SMOKING HOT JEEPS AND FRESH STARTS I had an 83 Jeep for 12 years after buying it when it was already 10 years old. Nothing....not a dent, scratch....NOTHING ever happened to that Jeep. That Jeep finally spit the bit and I decided to buy a brand new Jeep already lifted 4” and set up for “pretend” rock crawling. It was black....SHINY BLACK. My first brand new Jeep EVER!! Not long after getting it, a horse decided to run his upper teeth over the hood, just to see how black tasted l guess. Then Tyger, “fixing fence” flipped it in a pasture after an airborne jump that landed horribly wrong. Funny how fixing fence called for off road, dirt racing maneuvers. If that wasn’t enough, Colt Wrangler, in his senior year asked to just drive to the Llano River to watch it on the rise. With me knowing better, I strongly advised him to be sure and NOT drive out on the gravel bar but simply watch it from the ridge....and be back in an hour. Parents.....we should know better than to turn a teenage boy loose, with a cool Jeep, amongst other teenage boys, with 4 wheel drive rigs, down on a river that’s rising from all the flood rains. One hour passed....no son....2 hours...nothing. Finally at 1 am a truck pulls up and deposits Colt Wrangler at the front door and leaves. (I would’ve left fast too) Sure enough, Colt had done exactly what I said NOT to do and drove the Jeep out onto the gravel bar and sunk it! If there’s ever any retribution for his disobedience, it’s the fact that he had worked for HOURS trying to get it unstuck. Not to mention the gnawing fear of death over what was facing him by placing my precious Jeep in harms way! After expressing myself CLEARLY the importance of him praying to God that the river not rise up into my Jeep as that it might drastically effect the length of his young life, I sent him to bed. Long before daylight we got up, got shovels, tow rope and was down on the Llano to see if my Jeep was still above water. I felt like the king coming to see Daniel in the lion’s den and

by Crystal Lyons

hoping against hope that he was still alive. Was my Jeep safe? It was!! We got busy digging, filling ruts and with a borrowed tractor got it pulled out as water was filling up the holes behind us....literally! By the time we got fully out, we were in waist deep water! Nothing like this EVER happened to my old Jeep! Why all of this happening to the only Jeep I ever bought new?? It’s a mystery..... But I think the same thing goes for making a “new start” in life. As long as we’re going the “old way” we may not like the results but at least they’re usually predictable. But let us make a bold new start, a change for the positive and WHAM, we can be hit with some unexpected stuff! Make the shift towards a new start and living right and suddenly you’ve become a target. But just like my Jeep, you can dig out of any rut and move on. So don’t be afraid of a new move, new job, new relationship..... new you!! Will you face new problems? Most definitely....but let me tell ya, it’s WORTH it!! And btw....Colt Wrangler rhino lined my Jeep inside and out! She may not be new anymore, but she is still SMOKING HOT!!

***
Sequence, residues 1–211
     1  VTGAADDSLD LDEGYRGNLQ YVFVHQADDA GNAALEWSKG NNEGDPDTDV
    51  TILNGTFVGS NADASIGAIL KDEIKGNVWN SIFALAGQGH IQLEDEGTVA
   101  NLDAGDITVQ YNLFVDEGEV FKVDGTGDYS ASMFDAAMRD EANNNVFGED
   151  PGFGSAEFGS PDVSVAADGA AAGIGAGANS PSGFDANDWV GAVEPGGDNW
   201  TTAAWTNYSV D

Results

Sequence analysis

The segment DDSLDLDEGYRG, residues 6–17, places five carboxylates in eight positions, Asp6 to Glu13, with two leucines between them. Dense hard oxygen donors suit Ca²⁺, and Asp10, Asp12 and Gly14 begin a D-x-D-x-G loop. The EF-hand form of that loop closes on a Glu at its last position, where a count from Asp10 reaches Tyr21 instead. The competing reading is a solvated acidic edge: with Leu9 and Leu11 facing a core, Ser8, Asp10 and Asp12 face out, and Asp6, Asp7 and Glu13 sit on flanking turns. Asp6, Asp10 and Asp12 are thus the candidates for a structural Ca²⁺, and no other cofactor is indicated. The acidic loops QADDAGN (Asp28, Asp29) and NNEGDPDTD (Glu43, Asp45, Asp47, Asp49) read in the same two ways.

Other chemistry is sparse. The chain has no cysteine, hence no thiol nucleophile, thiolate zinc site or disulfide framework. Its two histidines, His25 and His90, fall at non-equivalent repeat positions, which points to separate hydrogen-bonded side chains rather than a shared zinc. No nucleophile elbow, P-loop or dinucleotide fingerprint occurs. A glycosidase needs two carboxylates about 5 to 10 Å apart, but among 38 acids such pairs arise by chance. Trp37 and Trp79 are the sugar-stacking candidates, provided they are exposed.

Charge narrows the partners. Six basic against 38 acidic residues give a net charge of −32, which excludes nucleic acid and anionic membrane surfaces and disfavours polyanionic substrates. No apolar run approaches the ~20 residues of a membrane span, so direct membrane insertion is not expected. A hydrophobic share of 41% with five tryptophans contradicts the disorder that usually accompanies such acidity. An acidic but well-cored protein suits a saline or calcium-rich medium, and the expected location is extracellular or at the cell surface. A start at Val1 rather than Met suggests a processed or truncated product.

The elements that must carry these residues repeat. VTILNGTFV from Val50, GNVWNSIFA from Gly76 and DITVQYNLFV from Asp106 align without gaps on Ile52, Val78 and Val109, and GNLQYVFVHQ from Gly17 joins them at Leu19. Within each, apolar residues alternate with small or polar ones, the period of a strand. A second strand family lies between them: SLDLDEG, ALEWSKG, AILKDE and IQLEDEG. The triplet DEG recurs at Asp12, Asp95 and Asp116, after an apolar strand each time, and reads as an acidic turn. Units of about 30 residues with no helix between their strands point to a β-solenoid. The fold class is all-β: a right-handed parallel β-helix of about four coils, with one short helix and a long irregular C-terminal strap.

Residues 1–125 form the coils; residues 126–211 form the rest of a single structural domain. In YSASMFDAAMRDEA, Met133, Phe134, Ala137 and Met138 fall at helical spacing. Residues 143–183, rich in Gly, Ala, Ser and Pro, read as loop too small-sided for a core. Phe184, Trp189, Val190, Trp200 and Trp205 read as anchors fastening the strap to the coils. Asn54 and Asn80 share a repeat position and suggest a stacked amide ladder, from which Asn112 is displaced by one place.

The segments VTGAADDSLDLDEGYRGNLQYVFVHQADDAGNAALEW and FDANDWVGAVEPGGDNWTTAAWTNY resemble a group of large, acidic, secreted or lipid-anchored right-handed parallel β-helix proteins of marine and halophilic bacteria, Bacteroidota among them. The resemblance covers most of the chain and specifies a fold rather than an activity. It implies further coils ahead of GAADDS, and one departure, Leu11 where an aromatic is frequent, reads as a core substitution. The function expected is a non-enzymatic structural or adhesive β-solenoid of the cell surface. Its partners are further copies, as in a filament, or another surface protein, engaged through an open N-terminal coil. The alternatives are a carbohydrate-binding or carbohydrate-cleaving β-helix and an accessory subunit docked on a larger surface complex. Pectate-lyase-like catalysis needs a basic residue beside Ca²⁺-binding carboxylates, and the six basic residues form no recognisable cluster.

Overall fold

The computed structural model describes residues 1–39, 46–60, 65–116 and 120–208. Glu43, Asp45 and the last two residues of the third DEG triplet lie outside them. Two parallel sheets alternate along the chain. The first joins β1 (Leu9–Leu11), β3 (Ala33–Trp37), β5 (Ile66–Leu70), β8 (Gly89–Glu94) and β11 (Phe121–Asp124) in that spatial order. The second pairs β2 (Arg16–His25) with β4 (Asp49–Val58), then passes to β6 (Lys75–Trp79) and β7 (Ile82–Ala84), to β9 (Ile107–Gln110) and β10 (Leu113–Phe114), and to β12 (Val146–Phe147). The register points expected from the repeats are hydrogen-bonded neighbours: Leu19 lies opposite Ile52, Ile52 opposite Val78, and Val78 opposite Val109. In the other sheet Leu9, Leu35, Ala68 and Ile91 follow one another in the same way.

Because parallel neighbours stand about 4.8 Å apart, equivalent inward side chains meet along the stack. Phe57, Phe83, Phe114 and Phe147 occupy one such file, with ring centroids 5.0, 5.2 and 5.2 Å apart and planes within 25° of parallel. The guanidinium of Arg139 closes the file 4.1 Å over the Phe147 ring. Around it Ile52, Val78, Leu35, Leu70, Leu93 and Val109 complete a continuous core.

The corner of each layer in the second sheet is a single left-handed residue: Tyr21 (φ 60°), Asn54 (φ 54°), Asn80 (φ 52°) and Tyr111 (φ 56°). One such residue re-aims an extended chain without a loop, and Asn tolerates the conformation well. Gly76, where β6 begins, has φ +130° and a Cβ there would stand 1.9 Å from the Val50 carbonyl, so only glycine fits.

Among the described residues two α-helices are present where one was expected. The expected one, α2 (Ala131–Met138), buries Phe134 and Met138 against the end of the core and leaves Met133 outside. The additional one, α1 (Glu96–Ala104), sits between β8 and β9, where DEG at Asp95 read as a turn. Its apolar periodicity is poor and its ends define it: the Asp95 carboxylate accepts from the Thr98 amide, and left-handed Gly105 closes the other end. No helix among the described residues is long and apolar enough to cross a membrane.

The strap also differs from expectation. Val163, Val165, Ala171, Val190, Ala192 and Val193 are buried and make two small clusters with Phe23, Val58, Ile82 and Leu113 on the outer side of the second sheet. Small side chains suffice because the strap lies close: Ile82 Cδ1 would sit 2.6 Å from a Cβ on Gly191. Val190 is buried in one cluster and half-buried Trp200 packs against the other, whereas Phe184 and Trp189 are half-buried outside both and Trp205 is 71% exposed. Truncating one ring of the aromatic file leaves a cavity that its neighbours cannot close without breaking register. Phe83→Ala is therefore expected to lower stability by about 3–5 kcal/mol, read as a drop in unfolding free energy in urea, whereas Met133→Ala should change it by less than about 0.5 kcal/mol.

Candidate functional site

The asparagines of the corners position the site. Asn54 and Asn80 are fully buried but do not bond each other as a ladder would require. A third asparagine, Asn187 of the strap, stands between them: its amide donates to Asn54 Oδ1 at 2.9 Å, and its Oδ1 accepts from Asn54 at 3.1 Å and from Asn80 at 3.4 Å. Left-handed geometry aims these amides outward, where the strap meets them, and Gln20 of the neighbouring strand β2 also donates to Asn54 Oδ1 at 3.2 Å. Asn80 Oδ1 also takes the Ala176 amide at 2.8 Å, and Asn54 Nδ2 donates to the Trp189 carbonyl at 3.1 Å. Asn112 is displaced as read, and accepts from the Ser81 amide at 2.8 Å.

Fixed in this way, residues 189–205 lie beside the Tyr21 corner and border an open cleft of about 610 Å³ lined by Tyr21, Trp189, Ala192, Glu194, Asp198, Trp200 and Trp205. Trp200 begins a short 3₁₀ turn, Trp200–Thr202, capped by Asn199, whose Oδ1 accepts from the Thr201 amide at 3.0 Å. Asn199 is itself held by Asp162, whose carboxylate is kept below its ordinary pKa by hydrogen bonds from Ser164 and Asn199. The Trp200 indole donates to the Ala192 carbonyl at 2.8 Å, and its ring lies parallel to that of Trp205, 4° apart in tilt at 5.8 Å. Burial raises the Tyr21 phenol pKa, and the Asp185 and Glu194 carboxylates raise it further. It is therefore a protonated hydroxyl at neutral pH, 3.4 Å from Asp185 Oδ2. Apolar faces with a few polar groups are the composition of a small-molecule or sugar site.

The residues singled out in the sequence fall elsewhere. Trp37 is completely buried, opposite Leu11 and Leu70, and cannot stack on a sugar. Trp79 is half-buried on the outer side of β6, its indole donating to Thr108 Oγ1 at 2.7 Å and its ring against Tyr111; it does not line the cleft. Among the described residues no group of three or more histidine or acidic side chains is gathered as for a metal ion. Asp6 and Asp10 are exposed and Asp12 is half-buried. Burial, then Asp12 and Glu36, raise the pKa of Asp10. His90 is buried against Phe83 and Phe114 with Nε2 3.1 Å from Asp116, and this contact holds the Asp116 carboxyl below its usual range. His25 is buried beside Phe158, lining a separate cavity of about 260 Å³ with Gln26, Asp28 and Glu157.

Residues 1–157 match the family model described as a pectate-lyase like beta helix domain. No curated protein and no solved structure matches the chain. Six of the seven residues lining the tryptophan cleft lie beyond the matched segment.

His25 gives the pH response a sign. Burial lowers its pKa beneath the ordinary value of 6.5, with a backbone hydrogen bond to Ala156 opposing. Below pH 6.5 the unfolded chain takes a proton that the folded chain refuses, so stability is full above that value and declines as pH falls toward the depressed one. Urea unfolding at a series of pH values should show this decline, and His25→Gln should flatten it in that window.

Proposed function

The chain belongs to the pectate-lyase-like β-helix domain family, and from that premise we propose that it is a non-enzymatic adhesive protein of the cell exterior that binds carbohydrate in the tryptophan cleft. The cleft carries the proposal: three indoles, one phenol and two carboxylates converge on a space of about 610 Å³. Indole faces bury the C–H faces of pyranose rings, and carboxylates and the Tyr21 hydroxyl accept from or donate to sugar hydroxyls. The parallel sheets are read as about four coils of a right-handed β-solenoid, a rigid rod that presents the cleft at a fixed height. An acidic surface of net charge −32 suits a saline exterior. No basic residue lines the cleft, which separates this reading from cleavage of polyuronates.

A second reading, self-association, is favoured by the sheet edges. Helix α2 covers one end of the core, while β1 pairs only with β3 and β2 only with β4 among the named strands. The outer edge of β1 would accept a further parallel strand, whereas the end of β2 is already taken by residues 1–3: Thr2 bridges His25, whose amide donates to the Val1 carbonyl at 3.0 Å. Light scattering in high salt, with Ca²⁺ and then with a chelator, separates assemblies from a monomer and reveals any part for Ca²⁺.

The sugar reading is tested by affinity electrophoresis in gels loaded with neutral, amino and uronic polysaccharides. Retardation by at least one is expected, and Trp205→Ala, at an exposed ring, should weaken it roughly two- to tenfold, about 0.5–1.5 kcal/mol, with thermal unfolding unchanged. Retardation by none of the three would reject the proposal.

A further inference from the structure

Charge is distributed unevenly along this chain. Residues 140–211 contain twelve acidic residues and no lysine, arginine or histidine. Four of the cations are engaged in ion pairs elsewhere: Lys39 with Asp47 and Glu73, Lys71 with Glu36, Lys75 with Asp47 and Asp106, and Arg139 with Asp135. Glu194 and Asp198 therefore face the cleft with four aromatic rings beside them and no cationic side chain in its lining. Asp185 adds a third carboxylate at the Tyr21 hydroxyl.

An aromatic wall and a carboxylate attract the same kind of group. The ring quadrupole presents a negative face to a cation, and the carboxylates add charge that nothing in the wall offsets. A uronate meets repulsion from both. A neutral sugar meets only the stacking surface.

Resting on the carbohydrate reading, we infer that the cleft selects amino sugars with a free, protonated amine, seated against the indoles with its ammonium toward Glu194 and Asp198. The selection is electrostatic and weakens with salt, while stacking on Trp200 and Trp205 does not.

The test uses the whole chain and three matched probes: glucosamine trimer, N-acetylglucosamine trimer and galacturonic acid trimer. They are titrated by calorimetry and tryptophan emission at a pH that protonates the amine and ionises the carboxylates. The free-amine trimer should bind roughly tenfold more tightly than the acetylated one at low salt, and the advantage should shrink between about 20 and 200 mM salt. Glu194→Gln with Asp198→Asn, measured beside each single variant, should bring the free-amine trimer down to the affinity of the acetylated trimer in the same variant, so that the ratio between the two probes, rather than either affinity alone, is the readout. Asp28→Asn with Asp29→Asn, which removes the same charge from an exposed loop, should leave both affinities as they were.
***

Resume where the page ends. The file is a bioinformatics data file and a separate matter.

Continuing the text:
For more information on Crystal or to be put on our mailing list you can go to our website www.crystallyons.com or e-mail us at: crystallyonsministery@gmail.com 10

VOLUME 4 | ISSUE 3 2018

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Located beside Interstate 24 Exit 111 Manchester TN (615) 828-3844

Prices Subject To Change Without Notice • Financing Available • Trade Most Anything • Cash For Used Trailers

3 horse slant Bee weekender with AC good condition $6550

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Red 12’ bumper stock $2950 Now $2250

HD 15ft John Deer 1508 Cutter $5950 obo

3 - 2 Horse Bumper Trailers in stock $1250 each

14FT Bumper livestock trailer $2950

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Used 3 or 4 horse slantwalk in tack $4950 Now $3950

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Dual Tandem 2.5” pintle hitch trailer $2150

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20ft x 7 wide Aluminum Barrett livestock $10,500

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Bumper pull, 3 horse slant, lifetime floor $2250

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Silver/red 16ft Aluminum Hawk bumper pull livestock 7.5’ tall 2 horse ramp Now $2250 $8950 VOLUME 4 | ISSUE 3 2018

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12x7 ft tall Jackson $3650

Super nice 5 year old registered Tennessse Walker gelding $3850

Nice 16’ Bumper Livestock $3950

Used 2 horse slant-7’ tall-rampdresser $4950

S&H 2 horse $3550 11


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VOLUME 4 | ISSUE 3 2018

Farnam.com Say you saw it in HORSE N RANCH TM